Alaska Reference Database

The Alaska Reference Database originated as the standalone Alaska Fire Effects Reference Database, a ProCite reference database maintained by former BLM-Alaska Fire Service Fire Ecologist Randi Jandt. It was expanded under a Joint Fire Science Program grant for the FIREHouse project (The Northwest and Alaska Fire Research Clearinghouse). It is now maintained by the Alaska Fire Science Consortium and FRAMES, and is hosted through the FRAMES Resource Catalog. The database provides a listing of fire research publications relevant to Alaska and a venue for sharing unpublished agency reports and works in progress that are not normally found in the published literature.

 

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Displaying 1 - 10 of 63

The Fire Continuum Conference, co-sponsored by the Association for Fire Ecology and the International Association of Wildland Fire, was designed to cover both the biophysical and human dimensions aspects of fire along the fire continuum. This...

Person: Hood, Drury, Steelman, Steffens
Year: 2020
Resource Group: Document
Source: FRAMES

Fire management in protected areas faces mounting obstacles as climate change alters disturbance regimes, resources are diverted to fighting wildfires, and more people live along the boundaries of parks. Evidence-based prescribed fire management and...

Person: Inglis, Vukomanovic
Year: 2020
Resource Group: Document
Source: FRAMES

Trends in regional fire cycles for Alaska, 1943-2016, were analyzed by Thomas Paragi, Alaska Department of Fish & Game,  Maija Wehmas, Alaska Fire Science Consortium, and David Verbyla, University of Alaska Fairbanks

The methodology/figures/...

Person: Grabinski, Grabinski, Wehmas, Verbyla, Jandt, Paragi
Year: 2019
Resource Group: Document
Source: FRAMES

Boreal forest fire history is typically reconstructed using tree-ring based time since last fire (TSLF) frequency distributions from across the landscape. We employed stochastic landscape fire simulations to assess how large a study area and how many...

Person: Wei, Larsen
Year: 2018
Resource Group: Document
Source: FRAMES

Each wildfire has its own “history”, burns under specific conditions and leads to unique environmental impacts. Information on where and when it has started and its duration is important to improve understanding on the dynamics of individual wildfires...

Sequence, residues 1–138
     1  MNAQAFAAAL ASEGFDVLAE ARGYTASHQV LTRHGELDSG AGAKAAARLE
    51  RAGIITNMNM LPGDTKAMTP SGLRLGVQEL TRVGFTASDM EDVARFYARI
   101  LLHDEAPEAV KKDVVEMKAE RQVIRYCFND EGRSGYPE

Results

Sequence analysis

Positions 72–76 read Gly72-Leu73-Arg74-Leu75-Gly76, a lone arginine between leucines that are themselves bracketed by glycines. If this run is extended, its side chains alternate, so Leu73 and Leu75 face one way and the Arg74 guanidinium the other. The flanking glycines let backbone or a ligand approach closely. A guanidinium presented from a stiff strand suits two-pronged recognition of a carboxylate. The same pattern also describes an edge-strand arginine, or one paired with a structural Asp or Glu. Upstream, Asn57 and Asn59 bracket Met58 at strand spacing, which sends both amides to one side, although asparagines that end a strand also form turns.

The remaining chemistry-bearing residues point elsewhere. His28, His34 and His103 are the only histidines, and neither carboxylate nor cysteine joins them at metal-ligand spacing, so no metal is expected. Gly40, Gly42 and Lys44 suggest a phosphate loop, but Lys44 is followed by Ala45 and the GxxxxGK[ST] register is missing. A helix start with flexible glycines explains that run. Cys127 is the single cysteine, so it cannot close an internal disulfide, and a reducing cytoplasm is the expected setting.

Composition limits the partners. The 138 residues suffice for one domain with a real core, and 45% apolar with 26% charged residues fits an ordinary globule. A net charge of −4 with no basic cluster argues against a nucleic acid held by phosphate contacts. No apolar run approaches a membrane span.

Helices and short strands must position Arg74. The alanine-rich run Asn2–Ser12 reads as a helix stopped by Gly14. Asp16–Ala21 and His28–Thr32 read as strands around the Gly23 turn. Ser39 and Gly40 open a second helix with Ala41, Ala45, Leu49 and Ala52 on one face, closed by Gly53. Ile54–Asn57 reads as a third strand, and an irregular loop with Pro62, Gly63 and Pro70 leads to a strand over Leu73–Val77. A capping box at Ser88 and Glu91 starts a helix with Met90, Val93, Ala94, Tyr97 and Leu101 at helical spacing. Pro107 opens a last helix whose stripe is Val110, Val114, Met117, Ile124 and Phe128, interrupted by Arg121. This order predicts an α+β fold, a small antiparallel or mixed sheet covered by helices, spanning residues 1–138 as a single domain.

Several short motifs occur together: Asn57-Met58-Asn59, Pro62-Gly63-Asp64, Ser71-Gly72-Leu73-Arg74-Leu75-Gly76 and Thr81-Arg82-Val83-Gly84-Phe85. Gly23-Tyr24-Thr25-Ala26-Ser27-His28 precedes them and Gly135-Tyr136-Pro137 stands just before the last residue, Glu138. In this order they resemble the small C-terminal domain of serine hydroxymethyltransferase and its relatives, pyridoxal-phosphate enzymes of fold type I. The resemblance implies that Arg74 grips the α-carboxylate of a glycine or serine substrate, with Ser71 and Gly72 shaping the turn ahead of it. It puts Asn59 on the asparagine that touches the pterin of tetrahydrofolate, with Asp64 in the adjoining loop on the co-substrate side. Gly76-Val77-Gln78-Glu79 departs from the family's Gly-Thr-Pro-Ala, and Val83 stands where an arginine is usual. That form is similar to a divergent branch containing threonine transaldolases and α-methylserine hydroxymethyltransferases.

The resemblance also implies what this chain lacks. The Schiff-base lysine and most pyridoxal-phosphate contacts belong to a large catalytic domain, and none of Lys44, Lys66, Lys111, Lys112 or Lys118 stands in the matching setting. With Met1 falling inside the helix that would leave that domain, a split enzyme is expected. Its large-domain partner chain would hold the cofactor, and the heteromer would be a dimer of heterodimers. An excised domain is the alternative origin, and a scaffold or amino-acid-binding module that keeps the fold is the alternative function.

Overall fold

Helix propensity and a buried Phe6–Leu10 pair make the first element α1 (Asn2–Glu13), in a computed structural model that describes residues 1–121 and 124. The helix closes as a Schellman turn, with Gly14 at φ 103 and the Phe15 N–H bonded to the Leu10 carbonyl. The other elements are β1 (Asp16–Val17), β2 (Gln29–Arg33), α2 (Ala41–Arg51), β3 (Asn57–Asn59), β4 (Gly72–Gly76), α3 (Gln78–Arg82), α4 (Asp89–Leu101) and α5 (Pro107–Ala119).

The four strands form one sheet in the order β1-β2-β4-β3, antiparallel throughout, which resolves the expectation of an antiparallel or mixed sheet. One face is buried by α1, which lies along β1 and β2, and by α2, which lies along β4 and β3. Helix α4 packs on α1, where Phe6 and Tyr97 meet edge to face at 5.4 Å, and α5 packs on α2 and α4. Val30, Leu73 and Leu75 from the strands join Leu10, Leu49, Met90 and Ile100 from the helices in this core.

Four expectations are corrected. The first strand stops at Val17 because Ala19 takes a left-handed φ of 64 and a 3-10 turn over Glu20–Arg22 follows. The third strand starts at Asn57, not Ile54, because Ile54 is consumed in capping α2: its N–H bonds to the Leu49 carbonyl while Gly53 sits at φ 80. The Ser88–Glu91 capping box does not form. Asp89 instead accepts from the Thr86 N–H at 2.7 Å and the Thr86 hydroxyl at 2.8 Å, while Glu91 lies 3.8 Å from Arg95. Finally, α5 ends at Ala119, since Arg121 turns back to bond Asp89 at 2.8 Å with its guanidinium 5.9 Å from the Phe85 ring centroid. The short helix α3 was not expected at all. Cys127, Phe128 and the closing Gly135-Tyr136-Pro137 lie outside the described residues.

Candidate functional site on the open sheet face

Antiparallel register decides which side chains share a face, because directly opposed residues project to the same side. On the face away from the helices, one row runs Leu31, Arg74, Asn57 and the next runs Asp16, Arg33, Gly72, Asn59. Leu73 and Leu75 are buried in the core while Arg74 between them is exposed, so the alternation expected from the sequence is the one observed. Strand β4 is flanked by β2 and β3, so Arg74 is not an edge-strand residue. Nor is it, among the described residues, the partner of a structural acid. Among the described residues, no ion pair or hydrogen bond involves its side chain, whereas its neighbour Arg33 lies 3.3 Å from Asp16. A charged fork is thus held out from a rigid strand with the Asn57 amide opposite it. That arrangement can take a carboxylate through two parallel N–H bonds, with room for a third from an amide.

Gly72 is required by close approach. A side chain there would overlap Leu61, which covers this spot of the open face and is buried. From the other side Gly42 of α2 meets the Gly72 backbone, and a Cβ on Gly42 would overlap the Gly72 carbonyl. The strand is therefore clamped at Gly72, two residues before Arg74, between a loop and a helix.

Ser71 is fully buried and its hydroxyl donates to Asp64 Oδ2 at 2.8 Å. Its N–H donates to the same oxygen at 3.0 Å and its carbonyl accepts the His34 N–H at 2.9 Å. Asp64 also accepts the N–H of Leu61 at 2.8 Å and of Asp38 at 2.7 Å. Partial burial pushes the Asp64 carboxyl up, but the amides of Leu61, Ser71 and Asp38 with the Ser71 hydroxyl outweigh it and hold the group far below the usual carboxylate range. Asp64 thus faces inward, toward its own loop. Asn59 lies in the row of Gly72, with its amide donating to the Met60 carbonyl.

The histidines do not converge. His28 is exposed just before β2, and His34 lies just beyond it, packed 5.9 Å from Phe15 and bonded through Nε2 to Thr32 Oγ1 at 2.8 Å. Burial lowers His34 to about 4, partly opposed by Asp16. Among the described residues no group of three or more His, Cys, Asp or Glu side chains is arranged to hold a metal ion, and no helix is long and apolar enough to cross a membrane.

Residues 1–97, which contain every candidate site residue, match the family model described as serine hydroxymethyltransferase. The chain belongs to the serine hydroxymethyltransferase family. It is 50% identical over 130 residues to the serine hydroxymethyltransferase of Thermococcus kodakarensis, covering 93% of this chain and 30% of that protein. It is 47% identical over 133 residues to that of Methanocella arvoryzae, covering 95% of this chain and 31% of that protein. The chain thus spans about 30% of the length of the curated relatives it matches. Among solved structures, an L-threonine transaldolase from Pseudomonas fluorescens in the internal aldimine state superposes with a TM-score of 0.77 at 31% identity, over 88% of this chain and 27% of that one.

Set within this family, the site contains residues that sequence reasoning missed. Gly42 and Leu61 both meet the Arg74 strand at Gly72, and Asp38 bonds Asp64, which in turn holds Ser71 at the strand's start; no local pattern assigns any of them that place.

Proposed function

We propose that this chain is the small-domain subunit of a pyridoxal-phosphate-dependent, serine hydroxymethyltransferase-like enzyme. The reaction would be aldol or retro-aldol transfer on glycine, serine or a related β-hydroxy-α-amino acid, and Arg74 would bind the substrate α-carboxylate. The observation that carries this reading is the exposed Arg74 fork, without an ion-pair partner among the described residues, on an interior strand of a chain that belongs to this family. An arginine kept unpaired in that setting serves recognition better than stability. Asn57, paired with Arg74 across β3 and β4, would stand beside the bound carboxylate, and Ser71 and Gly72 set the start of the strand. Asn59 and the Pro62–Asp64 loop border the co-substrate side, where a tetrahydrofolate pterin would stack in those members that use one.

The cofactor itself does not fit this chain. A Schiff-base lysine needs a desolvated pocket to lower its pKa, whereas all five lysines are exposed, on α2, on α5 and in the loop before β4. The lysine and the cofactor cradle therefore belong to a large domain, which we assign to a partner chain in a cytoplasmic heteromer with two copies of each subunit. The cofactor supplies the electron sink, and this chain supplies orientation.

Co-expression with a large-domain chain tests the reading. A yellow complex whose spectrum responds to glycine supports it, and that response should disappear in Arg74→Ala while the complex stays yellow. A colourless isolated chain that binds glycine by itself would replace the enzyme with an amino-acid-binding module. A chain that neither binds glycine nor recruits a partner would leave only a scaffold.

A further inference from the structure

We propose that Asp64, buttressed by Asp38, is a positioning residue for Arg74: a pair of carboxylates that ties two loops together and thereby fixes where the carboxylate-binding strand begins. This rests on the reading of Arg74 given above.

Person: Benali, Russo, Sá, Pinto, Price, Koutsias, Pereira
Year: 2016
Resource Group: Document
Source: FRAMES

Human-induced vegetation fires destroy a large amount of biomass each year and thus constitute an important fraction of the human interference with the energy flows of terrestrial ecosystems. This paper presents a quantification of the biomass burned...

Person: Lauk, Erb
Year: 2009
Resource Group: Document
Source: FRAMES, TTRS

Extreme wildfires have substantial economic, social and environmental impacts, but there is uncertainty whether such events are inevitable features of the Earth’s fire ecology or a legacy of poor management and planning. We identify 478 extreme...

Person: Bowman, Williamson, Abatzoglou, Kolden, Cochrane, Smith
Year: 2017
Resource Group: Document
Source: FRAMES

INTRODUCTION: Fire in the interior basin of Alaska is commonplace. Lightning- and man-caused fires have burned and reburned millions of acres. Despite their commonness and extensiveness, the specific history and characteristics of a fire as the relate...

Person: Johnson
Year: 1964
Resource Group: Document
Source: FRAMES, TTRS

Extensive bibliographic list of references on Alaska wildfire from the Geophysical Institute.

Person:
Year: 2005
Resource Group: Document
Source: FRAMES

An assessment of outcomes from research projects funded by the Joint Fire Science Program was conducted to determine whether or not science has been used to inform management and policy decisions and to explore factors that facilitate use of fire...

Person: Hunter
Year: 2016
Resource Group: Document
Source: FRAMES